The tsunami left an overwhelming path of destruction in its wake. More than 230,000 people lost their lives, some 400,000homes wee reduced to rubble, and the livelihoods of as many as five million people were thrown into jeopardy. The earthquake and waves that followed caused $10bn in damages in barely 24 hours. But the devastating impact of the tsunami was matched by the extraordinary nature of the world's response, as billions of dollars in assistance quickly poured in. Tsunami recovery represents the largest ever mobilisation of donor funds for an emergency and reconstruction effort. All over the world, governments, international organizations and multilateral donors, non-governmental organizations (NGOs) and individuals supported the provision of humanitarian relief and reconstruction to affected areas. NGOs and the Red Cross movement alone raised over $5bn, alongside $8bn pledged by governments and others for recovery and reconstruction.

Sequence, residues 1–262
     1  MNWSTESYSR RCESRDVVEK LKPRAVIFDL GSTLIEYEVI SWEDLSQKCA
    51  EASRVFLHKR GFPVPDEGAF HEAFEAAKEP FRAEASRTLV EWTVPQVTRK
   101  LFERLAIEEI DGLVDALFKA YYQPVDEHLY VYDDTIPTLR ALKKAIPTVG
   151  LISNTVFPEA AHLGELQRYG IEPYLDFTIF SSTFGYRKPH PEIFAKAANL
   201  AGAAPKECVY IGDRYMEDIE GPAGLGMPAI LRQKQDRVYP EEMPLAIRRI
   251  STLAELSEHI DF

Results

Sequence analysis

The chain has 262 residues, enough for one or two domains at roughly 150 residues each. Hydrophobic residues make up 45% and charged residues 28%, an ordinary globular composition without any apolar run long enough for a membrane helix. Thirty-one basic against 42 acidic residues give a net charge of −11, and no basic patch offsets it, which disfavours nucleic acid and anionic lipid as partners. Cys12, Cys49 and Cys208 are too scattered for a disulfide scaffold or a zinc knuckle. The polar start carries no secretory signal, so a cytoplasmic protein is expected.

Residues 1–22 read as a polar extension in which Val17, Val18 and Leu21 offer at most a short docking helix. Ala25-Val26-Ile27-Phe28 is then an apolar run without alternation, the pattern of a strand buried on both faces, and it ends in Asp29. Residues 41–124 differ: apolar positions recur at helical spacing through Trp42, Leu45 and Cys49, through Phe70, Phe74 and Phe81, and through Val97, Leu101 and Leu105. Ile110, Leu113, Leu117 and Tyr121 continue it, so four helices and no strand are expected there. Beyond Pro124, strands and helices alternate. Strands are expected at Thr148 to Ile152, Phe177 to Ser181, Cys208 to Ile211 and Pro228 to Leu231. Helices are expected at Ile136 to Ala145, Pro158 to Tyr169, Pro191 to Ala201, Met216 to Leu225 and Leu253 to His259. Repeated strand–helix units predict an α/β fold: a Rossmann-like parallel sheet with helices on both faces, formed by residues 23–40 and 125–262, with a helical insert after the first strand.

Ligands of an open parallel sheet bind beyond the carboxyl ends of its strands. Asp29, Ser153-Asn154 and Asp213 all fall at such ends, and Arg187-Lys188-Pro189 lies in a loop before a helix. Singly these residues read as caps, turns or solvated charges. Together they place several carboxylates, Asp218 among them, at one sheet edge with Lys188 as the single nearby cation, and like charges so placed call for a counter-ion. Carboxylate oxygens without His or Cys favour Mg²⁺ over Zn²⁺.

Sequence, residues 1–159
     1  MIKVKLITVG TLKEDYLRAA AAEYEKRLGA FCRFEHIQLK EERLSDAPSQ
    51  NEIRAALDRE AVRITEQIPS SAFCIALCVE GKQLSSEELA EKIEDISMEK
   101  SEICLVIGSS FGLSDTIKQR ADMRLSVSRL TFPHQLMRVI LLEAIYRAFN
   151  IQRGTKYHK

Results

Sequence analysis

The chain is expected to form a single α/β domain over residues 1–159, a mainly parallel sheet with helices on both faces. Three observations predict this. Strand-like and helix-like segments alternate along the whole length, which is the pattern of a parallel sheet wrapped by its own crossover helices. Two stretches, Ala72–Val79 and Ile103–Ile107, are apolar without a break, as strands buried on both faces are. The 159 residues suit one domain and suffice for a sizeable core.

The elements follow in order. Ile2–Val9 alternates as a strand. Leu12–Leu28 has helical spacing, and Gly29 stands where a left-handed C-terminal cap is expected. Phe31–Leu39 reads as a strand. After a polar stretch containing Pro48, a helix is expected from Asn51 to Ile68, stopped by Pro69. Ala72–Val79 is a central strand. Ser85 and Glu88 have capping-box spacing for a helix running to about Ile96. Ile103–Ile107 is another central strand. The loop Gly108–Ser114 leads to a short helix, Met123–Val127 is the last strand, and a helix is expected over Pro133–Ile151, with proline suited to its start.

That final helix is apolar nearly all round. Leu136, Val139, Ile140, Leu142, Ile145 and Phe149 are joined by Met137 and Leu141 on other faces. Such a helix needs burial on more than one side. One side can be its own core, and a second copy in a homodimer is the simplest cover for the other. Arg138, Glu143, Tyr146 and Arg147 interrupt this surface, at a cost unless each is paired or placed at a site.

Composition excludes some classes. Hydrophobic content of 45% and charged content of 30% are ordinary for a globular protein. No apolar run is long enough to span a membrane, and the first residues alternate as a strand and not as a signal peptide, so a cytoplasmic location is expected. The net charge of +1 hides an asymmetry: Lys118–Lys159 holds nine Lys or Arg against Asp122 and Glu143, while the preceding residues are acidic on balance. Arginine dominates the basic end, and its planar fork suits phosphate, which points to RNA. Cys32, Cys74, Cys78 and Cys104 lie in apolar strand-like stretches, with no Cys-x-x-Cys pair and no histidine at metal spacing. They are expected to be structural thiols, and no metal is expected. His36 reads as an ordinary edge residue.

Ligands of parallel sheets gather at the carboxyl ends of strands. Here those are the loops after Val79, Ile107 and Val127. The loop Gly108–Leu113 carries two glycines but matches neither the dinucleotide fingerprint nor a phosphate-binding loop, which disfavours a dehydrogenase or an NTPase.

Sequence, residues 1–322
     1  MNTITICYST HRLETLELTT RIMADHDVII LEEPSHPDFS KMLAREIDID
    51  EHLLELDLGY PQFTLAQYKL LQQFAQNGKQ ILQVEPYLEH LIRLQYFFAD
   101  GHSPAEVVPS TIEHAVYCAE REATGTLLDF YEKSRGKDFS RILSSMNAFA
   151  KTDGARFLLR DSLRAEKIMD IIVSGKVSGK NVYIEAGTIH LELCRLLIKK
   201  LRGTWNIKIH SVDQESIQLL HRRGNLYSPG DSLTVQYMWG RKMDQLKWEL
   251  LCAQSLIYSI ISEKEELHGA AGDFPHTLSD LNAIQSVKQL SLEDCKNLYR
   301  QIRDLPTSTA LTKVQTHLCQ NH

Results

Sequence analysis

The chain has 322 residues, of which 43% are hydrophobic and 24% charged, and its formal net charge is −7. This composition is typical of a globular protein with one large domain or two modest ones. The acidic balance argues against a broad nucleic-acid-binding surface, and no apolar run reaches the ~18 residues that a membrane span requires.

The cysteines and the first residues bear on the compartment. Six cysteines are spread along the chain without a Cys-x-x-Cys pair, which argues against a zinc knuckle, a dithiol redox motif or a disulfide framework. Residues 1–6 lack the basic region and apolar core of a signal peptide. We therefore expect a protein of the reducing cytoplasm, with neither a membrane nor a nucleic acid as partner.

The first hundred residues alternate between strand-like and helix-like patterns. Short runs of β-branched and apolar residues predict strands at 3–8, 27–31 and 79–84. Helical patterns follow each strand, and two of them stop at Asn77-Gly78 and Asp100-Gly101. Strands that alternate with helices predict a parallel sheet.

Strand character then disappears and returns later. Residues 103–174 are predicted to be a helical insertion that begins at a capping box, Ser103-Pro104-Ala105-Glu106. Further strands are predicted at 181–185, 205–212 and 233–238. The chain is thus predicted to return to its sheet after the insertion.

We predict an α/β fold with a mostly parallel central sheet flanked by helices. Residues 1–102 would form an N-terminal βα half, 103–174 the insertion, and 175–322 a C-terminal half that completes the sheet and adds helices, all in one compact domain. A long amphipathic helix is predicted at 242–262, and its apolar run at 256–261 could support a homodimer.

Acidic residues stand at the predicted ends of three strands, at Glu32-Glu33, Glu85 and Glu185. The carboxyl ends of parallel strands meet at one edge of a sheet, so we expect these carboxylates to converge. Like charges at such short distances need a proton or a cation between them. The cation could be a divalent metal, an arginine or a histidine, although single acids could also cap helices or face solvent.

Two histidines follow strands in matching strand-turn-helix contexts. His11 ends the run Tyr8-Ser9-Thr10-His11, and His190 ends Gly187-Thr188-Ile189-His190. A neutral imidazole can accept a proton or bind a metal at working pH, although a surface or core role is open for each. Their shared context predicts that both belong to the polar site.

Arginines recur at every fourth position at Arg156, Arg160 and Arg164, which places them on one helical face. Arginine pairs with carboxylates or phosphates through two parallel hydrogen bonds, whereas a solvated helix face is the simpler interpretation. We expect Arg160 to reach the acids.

The UN Special Envoy for Tsunami Recovery, former-US President Bill Clinton, recently launched a six month, intensive review to make NGO global relief and recovery efforts more effective across a number of critical areas. The review will dray on lessons learned from the massive response to the South Asia tsunami.
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